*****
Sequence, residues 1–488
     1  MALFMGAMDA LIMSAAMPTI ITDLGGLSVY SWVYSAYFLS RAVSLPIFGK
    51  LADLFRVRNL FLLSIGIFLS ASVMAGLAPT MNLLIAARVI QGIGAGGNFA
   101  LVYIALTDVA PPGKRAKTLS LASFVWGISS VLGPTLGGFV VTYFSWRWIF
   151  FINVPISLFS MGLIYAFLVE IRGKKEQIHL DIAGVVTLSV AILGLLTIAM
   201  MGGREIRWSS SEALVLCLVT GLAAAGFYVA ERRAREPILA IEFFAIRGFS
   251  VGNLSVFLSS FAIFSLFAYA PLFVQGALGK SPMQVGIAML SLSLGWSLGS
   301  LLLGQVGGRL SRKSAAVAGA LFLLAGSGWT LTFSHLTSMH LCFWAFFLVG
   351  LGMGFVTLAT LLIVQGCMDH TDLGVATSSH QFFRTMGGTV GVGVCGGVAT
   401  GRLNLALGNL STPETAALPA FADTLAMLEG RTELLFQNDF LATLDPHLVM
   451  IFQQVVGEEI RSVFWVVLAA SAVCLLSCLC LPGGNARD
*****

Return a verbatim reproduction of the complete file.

Sequence, residues 1–488
     1  MALFMGAMDA LIMSAAMPTI ITDLGGLSVY SWVYSAYFLS RAVSLPIFGK
    51  LADLFRVRNL FLLSIGIFLS ASVMAGLAPT MNLLIAARVI QGIGAGGNFA
   101  LVYIALTDVA PPGKRAKTLS LASFVWGISS VLGPTLGGFV VTYFSWRWIF
   151  FINVPISLFS MGLIYAFLVE IRGKKEQIHL DIAGVVTLSV AILGLLTIAM
   201  MGGREIRWSS SEALVLCLVT GLAAAGFYVA ERRAREPILA IEFFAIRGFS
   251  VGNLSVFLSS FAIFSLFAYA PLFVQGALGK SPMQVGIAML SLSLGWSLGS
   301  LLLGQVGGRL SRKSAAVAGA LFLLAGSGWT LTFSHLTSMH LCFWAFFLVG
   351  LGMGFVTLAT LLIVQGCMDH TDLGVATSSH QFFRTMGGTV GVGVCGGVAT
   401  GRLNLALGNL STPETAALPA FADTLAMLEG RTELLFQNDF LATLDPHLVM
   451  IFQQVVGEEI RSVFWVVLAA SAVCLLSCLC LPGGNARD